Mission Chandrayaan || Neo Science Hub || Space technology

Vikram landing on the Moon : Still few frontiers left to achieve

Apollo program was a brainchild of President Kennedy’s regime, having faced moments of losing out to the then competitor, USSR on both the accounts of 1st artificial satellite (Sputnik) to leave earth and also to place the human into the space (Yuri Gagarin). Americans gave their best efforts in placing the 1st human on the Moon; to showcase the supremacy of human kind on the Moon.

Having fulfilled the dreams of VikramSarabahai, the father of Indian space program, in achieving a grand success both in terms of building robust rockets to reach the low earth polar orbits (PSLV) and geo-synchronous orbits (GSLV); India looked up to Moon as the next target.  Reaching Moon in its 1st attempt by Chandrayaan-I was the reward to the hard work and commitment shown by the engineers/scientist of ISRO in 2008. By discovering water on the moon, Chandrayaan-I achieved much more than what has been predicted prior to the conception of this project.

Mission Chandrayaan Space craft || Neo Science Hub
Space Craft Mission Chandrayaan

After the very successful project of reaching the moon where India had spent a meager Rs. 385-crores for Chandrayaan-I, India now plans to land on the moon. The present project called as Chandrayaan-II is expected to cost India around 900-crores. Having reached planet Mars in its first attempt, ISRO now plans for another FIRST to its credit trying to land near the south pole of moon which is notorious of having permanently shadowed regions around; at the same time it can be considered as an interesting location to explore buried water in the form of ice.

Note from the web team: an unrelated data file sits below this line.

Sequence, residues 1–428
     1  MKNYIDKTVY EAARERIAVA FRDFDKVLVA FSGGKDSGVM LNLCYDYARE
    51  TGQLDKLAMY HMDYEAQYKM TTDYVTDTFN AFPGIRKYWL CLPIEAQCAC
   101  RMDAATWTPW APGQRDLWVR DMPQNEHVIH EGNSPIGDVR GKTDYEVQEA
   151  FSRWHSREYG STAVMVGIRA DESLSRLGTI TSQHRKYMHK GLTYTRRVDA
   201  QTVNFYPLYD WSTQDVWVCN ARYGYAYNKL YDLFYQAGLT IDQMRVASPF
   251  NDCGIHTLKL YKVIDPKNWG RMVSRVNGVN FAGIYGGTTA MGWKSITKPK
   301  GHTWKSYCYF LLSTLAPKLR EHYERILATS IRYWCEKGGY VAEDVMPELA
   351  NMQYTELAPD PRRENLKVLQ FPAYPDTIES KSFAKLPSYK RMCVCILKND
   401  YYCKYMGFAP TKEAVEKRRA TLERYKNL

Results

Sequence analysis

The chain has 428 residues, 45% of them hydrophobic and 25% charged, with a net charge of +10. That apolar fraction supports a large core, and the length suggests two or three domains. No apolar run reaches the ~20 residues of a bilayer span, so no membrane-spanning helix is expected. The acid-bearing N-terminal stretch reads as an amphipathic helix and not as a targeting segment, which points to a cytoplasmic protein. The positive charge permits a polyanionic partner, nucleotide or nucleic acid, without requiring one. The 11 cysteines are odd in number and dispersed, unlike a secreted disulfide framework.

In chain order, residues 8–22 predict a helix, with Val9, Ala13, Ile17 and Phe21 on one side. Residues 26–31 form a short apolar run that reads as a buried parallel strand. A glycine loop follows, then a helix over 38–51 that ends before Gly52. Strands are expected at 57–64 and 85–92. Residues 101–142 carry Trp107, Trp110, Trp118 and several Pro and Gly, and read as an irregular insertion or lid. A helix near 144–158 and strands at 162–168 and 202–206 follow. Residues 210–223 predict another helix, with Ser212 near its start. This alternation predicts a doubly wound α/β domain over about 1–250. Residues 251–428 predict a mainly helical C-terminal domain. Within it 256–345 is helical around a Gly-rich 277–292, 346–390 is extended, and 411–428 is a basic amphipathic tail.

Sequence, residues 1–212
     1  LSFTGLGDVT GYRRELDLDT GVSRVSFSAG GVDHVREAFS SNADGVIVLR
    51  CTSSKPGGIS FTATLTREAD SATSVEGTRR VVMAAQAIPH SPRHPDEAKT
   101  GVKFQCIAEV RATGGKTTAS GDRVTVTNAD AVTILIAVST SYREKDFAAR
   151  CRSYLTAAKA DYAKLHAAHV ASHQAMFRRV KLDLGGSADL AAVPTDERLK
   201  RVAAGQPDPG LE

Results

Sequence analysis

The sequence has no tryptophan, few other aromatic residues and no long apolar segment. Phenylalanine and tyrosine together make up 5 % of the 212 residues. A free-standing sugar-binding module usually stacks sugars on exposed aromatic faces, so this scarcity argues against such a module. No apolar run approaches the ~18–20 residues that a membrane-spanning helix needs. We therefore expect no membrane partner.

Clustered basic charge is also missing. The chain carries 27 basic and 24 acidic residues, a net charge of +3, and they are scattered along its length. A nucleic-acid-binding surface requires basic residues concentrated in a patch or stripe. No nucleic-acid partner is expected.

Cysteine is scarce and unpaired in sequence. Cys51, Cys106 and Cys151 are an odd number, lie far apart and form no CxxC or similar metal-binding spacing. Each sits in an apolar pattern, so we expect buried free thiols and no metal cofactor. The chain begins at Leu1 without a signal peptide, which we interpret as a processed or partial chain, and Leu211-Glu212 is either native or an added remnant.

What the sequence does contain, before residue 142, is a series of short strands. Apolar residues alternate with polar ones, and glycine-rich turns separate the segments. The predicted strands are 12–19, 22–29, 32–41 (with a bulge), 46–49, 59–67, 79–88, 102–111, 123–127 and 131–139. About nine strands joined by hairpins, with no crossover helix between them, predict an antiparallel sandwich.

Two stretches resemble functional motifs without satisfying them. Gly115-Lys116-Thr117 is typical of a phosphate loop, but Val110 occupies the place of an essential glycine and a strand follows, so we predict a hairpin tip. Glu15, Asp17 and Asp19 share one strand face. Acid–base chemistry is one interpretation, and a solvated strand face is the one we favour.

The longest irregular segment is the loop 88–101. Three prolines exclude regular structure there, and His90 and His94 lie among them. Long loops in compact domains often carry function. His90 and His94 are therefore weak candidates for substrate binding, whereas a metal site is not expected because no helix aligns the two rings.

Here are few questions which are worth answering as India planned for a soft landing on the lunar south pole

  1. Importance of the Chandrayan 2 in the context of the Indian space programme and for the world space explorations.

ISRO had been the star of Indian government funded programs. With the success of placing low earth orbits by PSLV and geo-stationary satellites GSLV rockets; ISRO was sailing very smoothly in their mandated 5-years progress plans. The Planetary exploration program was started by the turn of Chandrayaan-I in 2008 where India desired to showcase its technological prowess to the world. It was called a technology demonstrator for lunar exploration. The thumping success of Chandraayn-I in its 1st attempt is remarkable considering the history lessons humans have gone through. In the ranger mission during 1961-65; NASA had to face 6-consecutive failures in sending a space craft to moon; while India made it to the moon in its very first attempt. Chandrayaan-I had 11-instruments to study the moon out of which 6-were placed by foreign nations upon India’s free ride call; called “opportunity payloads”. One among the 6-instruments was called Moon Impact Probe, a President Kalam idea of sending a “messenger” from India which would touch the lunar soil.